Last month, Sen. Mark Udall and a handful of other privacy-focused politicians persuaded the IRS to promise to cease warrantless searches of Americans’ private correspondence.
Now Udall, a Colorado Democrat, is taking aim at the Justice Department, which has claimed the right to conduct warrantless searches of Americans’ e-mail, Facebook chats, and other private communications.
“I am extremely concerned that the Justice Department and FBI are justifying warrantless searches of Americans’ electronic communications based on a loophole in an outdated law that the U.S. Court of Appeals for the 6th Circuit ruled was unconstitutional,” Udall said in a statement sent to CNET Thursday.
Udall’s statement cites a CNET article yesterday that was the first to disclose the Justice Department and the FBI’s electronic search policies. The article was based on internal government documents obtained by the American Civil Liberties Union.
The senator’s statement urges Congress to move quickly to update the 1986 Electronic Communications Privacy Act — enacted during an era of dialup modems and the black and white Macintosh Plus — that currently does not require search warrants for all e-mail messages. The 6th Circuit ruled in 2010, however, that the privacy protections enshrined in the Fourth Amendment require police to obtain search warrants signed by a judge first.
Take Action Now! Regardless of where you live, we should all help each other out. Here’s your chance. It will take you less than 30 seconds
Call Representative Todd Hunter, Chair of Calendars
(512) 463-0672 Austin office
Ask him to send HB 1608 to the House floor for a vote. All House bills must be on a floor calendar by Tuesday May 7th or they cannot get a vote.
HB 1608 will require government to get a warrant based on probable cause if it wants to access detailed personal location data held by your cell phone company. For most of us, our cell phones know more about our lives than we do — who we spoke to, everywhere we’ve been, how long we were there, where we went next. All this data is held by the cell phone company and provided to law enforcement for a fee under a legal framework conceived before the invention of smart phones or even the World Wide Web.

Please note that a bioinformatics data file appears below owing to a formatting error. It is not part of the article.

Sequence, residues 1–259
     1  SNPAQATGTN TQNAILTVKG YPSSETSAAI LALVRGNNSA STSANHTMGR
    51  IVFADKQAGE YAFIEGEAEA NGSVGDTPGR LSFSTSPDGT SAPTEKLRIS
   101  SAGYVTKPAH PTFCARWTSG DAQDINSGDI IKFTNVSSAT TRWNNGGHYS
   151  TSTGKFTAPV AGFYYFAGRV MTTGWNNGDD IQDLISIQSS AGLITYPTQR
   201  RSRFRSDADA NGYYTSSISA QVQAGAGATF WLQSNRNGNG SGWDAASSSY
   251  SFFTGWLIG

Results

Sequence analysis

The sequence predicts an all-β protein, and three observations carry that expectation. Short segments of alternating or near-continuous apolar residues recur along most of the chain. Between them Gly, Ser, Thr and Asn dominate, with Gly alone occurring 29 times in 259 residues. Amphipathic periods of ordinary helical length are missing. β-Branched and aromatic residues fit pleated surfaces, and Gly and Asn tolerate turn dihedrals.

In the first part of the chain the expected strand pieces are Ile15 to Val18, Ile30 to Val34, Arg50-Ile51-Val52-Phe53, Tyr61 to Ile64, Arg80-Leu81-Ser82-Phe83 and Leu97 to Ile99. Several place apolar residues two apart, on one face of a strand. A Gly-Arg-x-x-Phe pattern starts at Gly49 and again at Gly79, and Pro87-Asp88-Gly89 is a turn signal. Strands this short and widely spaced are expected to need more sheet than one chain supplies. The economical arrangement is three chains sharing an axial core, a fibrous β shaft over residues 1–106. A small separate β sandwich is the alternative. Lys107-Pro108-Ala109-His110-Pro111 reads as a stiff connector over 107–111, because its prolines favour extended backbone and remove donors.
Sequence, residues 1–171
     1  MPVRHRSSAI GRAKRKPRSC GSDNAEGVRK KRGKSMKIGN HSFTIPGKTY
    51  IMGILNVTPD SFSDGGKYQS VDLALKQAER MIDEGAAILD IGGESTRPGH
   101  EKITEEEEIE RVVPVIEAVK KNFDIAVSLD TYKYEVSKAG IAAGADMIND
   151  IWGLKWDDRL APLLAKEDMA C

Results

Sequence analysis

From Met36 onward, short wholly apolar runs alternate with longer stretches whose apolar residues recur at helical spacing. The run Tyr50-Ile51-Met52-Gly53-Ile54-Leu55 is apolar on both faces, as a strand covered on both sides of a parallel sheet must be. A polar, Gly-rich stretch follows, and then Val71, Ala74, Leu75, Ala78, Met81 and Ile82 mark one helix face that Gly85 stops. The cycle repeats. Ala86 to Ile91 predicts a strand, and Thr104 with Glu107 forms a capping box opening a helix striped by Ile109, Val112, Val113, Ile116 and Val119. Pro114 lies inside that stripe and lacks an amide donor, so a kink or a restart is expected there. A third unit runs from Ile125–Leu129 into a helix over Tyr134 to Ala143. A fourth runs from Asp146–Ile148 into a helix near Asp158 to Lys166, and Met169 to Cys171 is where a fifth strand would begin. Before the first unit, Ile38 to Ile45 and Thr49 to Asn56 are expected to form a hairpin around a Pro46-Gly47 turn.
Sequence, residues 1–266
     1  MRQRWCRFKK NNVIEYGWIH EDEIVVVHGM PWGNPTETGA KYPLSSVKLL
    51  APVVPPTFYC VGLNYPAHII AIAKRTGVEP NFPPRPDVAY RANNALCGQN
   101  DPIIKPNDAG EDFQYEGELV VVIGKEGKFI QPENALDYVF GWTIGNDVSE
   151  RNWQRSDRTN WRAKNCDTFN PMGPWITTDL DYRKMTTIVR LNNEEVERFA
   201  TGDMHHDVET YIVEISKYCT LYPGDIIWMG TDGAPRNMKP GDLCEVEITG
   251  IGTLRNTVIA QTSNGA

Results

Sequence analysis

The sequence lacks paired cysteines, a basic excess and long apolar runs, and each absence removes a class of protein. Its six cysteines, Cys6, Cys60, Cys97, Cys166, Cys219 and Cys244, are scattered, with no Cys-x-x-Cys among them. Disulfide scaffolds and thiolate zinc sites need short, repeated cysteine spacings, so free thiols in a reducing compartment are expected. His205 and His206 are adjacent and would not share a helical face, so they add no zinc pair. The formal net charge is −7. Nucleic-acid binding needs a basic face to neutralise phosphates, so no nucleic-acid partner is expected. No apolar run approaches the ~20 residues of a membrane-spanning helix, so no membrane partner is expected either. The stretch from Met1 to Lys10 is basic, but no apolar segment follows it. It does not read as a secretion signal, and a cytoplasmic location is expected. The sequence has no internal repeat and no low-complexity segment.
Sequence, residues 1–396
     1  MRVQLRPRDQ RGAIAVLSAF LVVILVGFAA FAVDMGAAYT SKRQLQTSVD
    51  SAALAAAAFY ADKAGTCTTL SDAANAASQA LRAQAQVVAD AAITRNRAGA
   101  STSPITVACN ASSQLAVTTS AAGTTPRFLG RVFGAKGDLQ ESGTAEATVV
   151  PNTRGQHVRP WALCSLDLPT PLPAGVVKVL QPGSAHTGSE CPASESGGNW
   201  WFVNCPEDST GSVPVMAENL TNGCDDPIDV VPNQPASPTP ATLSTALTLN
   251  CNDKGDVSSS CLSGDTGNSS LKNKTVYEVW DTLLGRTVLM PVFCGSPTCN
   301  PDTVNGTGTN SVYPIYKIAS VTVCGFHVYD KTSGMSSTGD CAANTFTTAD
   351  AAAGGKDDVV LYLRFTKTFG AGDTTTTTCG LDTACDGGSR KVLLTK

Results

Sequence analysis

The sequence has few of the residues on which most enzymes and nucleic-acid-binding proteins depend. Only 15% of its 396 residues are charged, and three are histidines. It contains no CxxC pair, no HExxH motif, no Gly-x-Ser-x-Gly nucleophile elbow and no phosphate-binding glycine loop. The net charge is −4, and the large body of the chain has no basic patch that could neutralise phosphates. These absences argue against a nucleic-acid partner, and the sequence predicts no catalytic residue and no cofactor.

HB 1608 returns the legal framework governing location data to basic constitutional principles. If I keep a diary in my house, in which I record all my daily activities, that diary is protected from search and seizure without a warrant. The record of all my daily activities as recorded by my smart phone and retained by my cell company deserves the same protection.
HB 1608 enjoys the support of four joint authors and 103 coauthors out of 150 House members, including a majority of representatives from both parties and 11 of the 15 members of the Calendars Committee. But this bill won’t even get a vote if it isn’t reported out of Calendars in the next few days. Time is of the essence.
A phone call takes 30 seconds: Just tell Rep. Hunter’s staff that you want HB 1608 sent to the House floor for a vote immediately before time runs out!